Introduction
Hindustani Classical Music

Let's talk about the rhythmic component of Hindustani music, taal.

The main percussion instruments used in Hindustani classical music are the tabla and (the somewhat less common) pakhwaj. The tabla is a set of two kettledrums of different sizes and timbers that are played simultaneously by tapping on them with the hands in various ways to produce different kinds of sounds. These sounds are then strung together in sequences to create different rhythm patterns (taal) to accompany musical performances.

In the hands of an expert tabla player, the tabla can make all kinds of fantastic sounds, but there are a couple of dozen commonly produced sounds - dhaa, ga, ge, gi, ka, ke, dhi, dhin, tin, tun, tit, ti, te, Ta, tr, naa, ne, re, khat, taa, dhaage, tiTa, tirikiTa. Of course, these are just vocalizations of the actual sounds produced by the tabla. They are called bol, and it is these bols that are combined in various ways to get many interesting rhythms (taals).


Ustad Allah Rakha (tabla) and Pundit Ravi Shankar demonstrate bols on the tabla
(from 0:00 to 2:45)

There are over a hundred different taals, but only a handful are used in serious classical music. Here are a few examples. The first three (Teentaal, Ektaal and Jhaptaal) are very common in classical music, the next three (Deepchandi, Rupak and Dadra) are more common in semi-classical music, and the last one (Keherwa) is the life and soul of folk music.

Click to hear: Teentaal - 16 beats (4/4/4/4)
(dhaa dhin dhin dhaa / dhaa dhin dhin dhaa / dhaa tin tin taa/ taa dhin dhin dhaa)


Click to hear: Ektaal - 12 beats (2/2/2/2/2/2)
(dhin dhin / dhaage tirikiTa / tun naa / khat tin / dhaage tirikiTa / dhin naa)


Click to hear: Jhaptaal - 10 beats (2/3/2/3)
(dhin naa / dhin dhin naa / tin naa / dhin dhin naa)


Click to hear: Deepchandi - 14 beats (3/4/3/4)
(dhaa dhin (S) / dhaa dhaa tin (S) / taa tin (S) / dhaa dhaa dhin (S)
*(S) indicates a silent beat, where nothing is played.)


Click to hear: Rupak - 7 beats (3/2/2)
(tin tin naa / dhin naa / dhin naa)


Click to hear: Dadra - 6 beats (3/3)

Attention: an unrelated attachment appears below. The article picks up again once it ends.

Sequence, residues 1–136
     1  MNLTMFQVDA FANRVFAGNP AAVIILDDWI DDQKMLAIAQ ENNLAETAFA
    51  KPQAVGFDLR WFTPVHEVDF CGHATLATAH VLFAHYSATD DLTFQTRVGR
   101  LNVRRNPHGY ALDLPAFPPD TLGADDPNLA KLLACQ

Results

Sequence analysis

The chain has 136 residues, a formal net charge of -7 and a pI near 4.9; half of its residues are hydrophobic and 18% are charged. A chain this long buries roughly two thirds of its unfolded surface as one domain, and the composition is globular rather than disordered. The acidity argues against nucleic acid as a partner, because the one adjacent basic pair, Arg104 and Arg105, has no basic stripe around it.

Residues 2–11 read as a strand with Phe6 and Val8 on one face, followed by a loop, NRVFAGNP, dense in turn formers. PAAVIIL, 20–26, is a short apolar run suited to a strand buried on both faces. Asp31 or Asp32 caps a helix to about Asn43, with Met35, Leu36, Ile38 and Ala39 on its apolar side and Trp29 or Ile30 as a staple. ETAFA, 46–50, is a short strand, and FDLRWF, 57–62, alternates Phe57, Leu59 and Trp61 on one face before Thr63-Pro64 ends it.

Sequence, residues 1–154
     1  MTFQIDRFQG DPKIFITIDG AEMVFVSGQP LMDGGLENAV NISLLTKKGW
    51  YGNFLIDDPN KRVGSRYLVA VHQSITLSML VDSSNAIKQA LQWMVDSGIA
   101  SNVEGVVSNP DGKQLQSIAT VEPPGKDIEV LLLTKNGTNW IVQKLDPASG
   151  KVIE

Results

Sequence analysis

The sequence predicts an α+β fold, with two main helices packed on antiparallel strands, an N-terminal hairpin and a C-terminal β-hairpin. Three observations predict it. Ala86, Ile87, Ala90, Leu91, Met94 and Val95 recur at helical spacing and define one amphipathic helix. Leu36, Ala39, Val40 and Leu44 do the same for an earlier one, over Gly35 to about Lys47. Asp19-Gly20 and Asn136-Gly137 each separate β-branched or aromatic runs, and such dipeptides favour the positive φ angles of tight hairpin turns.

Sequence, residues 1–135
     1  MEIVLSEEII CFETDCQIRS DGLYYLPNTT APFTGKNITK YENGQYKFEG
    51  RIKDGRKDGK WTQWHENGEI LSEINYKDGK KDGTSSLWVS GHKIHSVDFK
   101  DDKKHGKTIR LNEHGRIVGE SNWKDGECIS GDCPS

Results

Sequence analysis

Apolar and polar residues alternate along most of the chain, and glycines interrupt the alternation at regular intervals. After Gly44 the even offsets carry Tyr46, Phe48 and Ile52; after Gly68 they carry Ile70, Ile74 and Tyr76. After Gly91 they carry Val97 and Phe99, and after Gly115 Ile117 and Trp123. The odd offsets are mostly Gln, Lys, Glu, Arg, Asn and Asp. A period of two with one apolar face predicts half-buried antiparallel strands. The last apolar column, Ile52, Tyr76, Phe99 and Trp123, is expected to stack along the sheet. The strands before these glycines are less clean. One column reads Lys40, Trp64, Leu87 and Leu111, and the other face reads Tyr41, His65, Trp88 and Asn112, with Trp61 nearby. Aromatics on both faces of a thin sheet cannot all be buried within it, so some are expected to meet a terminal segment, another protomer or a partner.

(dhaa ge naa / dhaa tin naa)


Click to hear: Keherwa - 8 beats (4/4)
(dhaa gi naa ti / naa ka dhi naa)

Each taal is divided into several sections because this makes it easier to understand and remember (the slashes indicate where one section ends and a new one begins). So, for instance, the Teentaal has four sections of four beats each, while the Ektaal has six sections of two beats each. Ruupak is interestingly asymmetric in that it has three sections of three, two and two beats respectively. All the sections taken together represent one complete cycle of the taal, which is then repeated over and over again for the duration of the piece of music to which it is applied. Here's a video of Teentaal to help you visualize rhythm as a cycle. (I apologize if there is an av-sync problem with the rhythm demonstration videos below. I'm going to fix them as soon as I ever can. In the mean time, please try reloading the page if you find the video out of sync, because sometimes that seems to work.)


Visualizing rhythm as a cycle
Rhythm: Teentaal
© 2011 Sādhana


How Taal Works

Fixed raga compositions (bandish) are usually set to a certain taal, which means that each line is melodically structured to fit into the groove of that taal. Let's take a look at what I mean. Here is a bandish set to fit a 16-beat rhythm cycle. Watch the video to see how every line of lyric is melodically structured to fit into a total of 16 beats.

piya ki nazariya jaadu bhari
moha liyo man prem bhari
kavan jatan aba kari e aali
naahi pare mohe chain eka ghari



16-Beat Composition
Raag Yaman, Bandish: Piya ki nazariya
© 2011 Sādhana


Here is an extract from a bandish melodically structured to fit into a total of 12 beats.